Despite all that, I’m starting to change my mind about using video in remote meetings. I’m getting accustomed to it and even starting to enjoy it once in a while.

However, I’ve noticed that it isn’t always used very effectively. As an inveterate fixer, I’ve therefore started to compile a Rules of Order for videoconferences. They’re nothing like as complicated as Robert’s Rules of Order, and strictly speaking they’re not even about order so much as about reducing the confusion and disorientation people feel. I’m still developing it, but here is the beginning of the list.

Rachel’s Rules of Order for Videoconferences

A. Reducing Disorientation

  1. In the first five minutes, have everyone in the meeting say hello and show themselves. This is especially crucial when some people are together in a room but not all of them are on camera at once, and others are remote. It’s very disorienting for the remote folks to hear disembodied voices chiming in unexpectedly. It’s also common politeness to make sure everyone understands who is within earshot.
  2. If some people are on camera, everyone should be on camera. If some participants don’t (or won’t) have video, at least show a photograph or other image of every speaker. The people who are actually on video will seem more present and animated than those who are not. Getting everyone on equal footing helps.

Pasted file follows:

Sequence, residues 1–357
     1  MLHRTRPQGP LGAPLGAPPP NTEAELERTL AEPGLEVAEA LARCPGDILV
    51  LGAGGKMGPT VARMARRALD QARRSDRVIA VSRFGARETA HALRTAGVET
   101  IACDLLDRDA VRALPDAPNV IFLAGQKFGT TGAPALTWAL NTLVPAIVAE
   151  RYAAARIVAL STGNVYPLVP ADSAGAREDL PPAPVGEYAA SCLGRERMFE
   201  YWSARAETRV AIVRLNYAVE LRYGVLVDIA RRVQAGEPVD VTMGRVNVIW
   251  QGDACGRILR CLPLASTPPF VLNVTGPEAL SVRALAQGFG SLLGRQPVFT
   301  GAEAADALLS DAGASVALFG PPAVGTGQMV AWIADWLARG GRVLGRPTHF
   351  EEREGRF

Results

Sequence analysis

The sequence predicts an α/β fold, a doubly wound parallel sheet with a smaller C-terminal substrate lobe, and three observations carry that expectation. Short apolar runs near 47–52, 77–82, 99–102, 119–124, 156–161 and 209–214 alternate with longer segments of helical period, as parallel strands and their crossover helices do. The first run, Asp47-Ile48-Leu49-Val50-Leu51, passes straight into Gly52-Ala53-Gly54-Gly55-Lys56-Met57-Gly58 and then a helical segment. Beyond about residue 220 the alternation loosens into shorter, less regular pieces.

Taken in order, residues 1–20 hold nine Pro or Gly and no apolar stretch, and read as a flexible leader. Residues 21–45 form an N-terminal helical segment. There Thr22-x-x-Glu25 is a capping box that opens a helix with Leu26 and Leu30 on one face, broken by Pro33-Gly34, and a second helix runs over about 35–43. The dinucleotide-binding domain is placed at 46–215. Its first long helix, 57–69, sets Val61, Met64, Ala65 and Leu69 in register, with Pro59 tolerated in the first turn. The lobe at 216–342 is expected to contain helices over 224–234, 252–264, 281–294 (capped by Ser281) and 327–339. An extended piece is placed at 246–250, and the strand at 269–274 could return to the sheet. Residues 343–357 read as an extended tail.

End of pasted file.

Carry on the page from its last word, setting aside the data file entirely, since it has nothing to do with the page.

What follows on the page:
3. Figure out where the camera is on your device and look at it when you are talking. It feels strange at first because your instinct is to look at the face of the person you are talking to. If you look into the camera, you will be making eye contact while you are speaking. If you look at their face on your screen, you will not. If you’re using a Mac, for instance, the camera is right next to the green dot at the top of your screen. Try moving the video window to the top of your screen so you are naturally looking toward the camera more, then just lift your gaze to the green dot when you speak.